A DIY Tig Pulser

Hello everyone, a couple of months ago I started playing with the idea of building a tig pulser for my tig machine, something to go inline with the pedal.

Well, I sent a picture a month ago or so and now I have the semi-final version that works!

I will eventually start putting together some docs on how to replicate this BUT, I have concerns about trying to replicate something electronically while not understanding it so, for now, let me give you a high level overview, if someone is working on one or needs help, I am here.

The goal was to intercept my pedal signal and pulse it, my Everlast uses a 0-5V signal so, as long as you provide a 0-5V input into the machine, the amperage will follow. Note that:
0V = full power
5V = no power

The hardware that I choose is overkill but there is nothing really cheaper unless you start buying copies from China (totally doable just didn’t wanted to wait weeks for shipping)

I have used:

  1. Adafruit QtPy 2040 - it’s a dual core powerhouse but most importantly, it works with 5V inputs
  2. DAC/ADC - to convert digital signals to analog ones and viceversa
  3. Display - To show what is going on
  4. Rotary Encoder - To select the various options
  5. 7pin male-female connectors - same as my Everlast welder

Total of about ~$100 if you consider the breadboards, connectors, etc - It could be done much cheaper

Next step would be to 3D print an enclosure but maybe not, depending on how the test run will go, for now it seems to work fine.

Note: Turns out my welder doesn’t put out enough juice to power this little trinket, I can power everything except the display that seems it’s missing a few milliamps to be workable - so, for the time being I am powering this via a power bank while it’s connected to the machine


Super cool!! This sort of thing will be really valuable for a lot of folks. Feel free to reach out if you have any electrical questions, I was an electrical engineer in my past life.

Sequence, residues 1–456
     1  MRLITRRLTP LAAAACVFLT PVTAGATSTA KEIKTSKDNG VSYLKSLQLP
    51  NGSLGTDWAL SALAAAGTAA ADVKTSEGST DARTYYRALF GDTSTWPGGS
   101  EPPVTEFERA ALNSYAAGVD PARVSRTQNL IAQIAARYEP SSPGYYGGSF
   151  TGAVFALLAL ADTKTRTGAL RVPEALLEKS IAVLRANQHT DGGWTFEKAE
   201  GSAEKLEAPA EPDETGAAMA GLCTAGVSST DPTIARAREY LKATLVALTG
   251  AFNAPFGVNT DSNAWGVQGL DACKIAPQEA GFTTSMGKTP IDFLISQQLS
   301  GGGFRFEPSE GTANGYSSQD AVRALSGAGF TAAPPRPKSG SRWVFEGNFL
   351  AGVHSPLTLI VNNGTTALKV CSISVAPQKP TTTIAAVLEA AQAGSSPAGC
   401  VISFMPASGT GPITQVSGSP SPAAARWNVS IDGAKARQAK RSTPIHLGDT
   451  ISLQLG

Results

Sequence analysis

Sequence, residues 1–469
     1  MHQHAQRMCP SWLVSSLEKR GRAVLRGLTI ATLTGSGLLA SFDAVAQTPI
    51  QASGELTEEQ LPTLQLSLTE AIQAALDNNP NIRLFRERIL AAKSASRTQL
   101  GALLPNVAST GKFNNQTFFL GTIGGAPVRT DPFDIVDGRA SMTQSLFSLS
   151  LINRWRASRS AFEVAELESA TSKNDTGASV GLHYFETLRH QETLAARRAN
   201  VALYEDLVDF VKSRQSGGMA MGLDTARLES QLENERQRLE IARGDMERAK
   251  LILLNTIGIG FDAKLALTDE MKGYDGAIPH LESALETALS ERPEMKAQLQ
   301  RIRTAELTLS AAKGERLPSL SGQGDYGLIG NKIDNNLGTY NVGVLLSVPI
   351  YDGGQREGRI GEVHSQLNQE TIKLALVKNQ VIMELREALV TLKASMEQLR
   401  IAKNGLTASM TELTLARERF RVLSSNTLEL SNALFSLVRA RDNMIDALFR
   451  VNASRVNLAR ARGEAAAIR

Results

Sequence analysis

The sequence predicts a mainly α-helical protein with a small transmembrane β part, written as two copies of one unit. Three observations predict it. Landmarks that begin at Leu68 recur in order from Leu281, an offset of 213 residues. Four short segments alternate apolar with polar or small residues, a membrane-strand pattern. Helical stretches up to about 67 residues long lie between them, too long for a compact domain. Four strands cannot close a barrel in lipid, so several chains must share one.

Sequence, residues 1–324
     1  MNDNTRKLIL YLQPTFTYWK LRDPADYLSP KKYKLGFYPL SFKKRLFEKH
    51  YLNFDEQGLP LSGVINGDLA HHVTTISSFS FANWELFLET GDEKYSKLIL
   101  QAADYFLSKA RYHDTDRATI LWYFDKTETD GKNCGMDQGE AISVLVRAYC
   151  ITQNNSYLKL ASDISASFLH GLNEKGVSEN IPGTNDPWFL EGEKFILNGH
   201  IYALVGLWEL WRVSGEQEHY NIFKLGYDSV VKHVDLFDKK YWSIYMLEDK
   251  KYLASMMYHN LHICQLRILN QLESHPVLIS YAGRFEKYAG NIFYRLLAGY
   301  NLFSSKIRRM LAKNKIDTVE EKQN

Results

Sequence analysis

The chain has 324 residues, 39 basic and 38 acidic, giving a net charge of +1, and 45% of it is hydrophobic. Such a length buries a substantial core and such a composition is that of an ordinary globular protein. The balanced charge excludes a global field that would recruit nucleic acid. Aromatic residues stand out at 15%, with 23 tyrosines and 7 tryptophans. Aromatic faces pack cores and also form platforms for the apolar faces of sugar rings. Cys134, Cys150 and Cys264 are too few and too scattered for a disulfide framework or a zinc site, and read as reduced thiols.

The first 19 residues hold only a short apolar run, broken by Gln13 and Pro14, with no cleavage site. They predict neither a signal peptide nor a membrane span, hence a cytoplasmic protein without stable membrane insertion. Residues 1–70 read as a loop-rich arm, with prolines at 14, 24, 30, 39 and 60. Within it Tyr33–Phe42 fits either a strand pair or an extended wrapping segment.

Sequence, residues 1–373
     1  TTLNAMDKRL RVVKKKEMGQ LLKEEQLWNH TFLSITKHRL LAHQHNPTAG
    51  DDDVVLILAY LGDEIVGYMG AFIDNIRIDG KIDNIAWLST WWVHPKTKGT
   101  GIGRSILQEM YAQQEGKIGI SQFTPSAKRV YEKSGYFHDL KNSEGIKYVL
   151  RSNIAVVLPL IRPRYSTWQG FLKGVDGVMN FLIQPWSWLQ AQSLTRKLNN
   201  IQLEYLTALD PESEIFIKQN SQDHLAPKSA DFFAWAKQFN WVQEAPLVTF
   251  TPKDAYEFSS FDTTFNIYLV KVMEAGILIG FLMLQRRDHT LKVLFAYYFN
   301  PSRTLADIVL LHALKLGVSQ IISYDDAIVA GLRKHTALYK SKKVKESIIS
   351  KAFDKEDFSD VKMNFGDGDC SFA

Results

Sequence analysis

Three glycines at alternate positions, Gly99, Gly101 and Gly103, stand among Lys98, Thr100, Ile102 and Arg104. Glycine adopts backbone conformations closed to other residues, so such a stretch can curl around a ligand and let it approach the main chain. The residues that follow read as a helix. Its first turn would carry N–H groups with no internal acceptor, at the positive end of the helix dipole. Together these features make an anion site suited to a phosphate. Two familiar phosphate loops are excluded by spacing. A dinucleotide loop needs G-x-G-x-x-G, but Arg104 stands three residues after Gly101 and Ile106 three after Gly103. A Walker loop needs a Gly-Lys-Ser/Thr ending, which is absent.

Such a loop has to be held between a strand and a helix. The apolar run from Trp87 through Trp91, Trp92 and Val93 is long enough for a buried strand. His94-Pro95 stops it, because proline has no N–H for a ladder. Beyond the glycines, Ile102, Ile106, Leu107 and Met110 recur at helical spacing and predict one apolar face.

1 Like

My #1 problem is that the display doesn’t get enough power out of my welder so it doesn’t turn on (or better the led does but the display stays black) I have tried going low power but no cigar.

Without the display it works as intended but with the display connected I have to supplement the power via usb. I think I will replace that display with a 9-segment one - going old school!


Man, this is such a cool idea! I have an everlast that already has a pulser, so It’s not really useful for me. But, you now have my brain-gears turning about making a torch controller.

I’ve used these in the past for welding aluminum at a shop I used to work at (they were large parts, and we were moving around constantly, so a foot-pedal was not the best choice). But, they really suck ergonomically. (and that price!) I would constantly end up shoving the tungsten into the puddle while trying to adjust the amperage.

There’s other styles out there, sliders, trigger-pull, etc. But they’re all more or less that same price range.

For just basic dumb amperage control (no pulse control) all you need is a NO switch and a 1k potentiometer. (for the Miller 14-pin, at least. That’s primarily what I deal with at work). I’d have to poke around the pins on my Everlast pedal to see if it’s the same or similar.

Sounds like a fun 3D printing / tinkering project to come up with my own design. Would be stupid cheap also!

(Edit for future me, the Everlast pedal is a NO switch and a 10k potentiometer)


Just a thought - the 5V line from the welder going to the pedal might be signal only, i.e. not meant to drive electronics and thus could simply be the output from a uC in the welder. Pulling too many mA from a chip might damage it. (External power would be safer if unsure about the current supply situation on the welders side)


You are 100% correct sir.

Planning to use an independent 5v supply

1 Like

First serious testing, 0.5s pulsing

I set the machine at 100A and had a 50%power and 10% low.

1 Like

This kinda reminds me of a modular synthesizer envelope generator.


-Jim G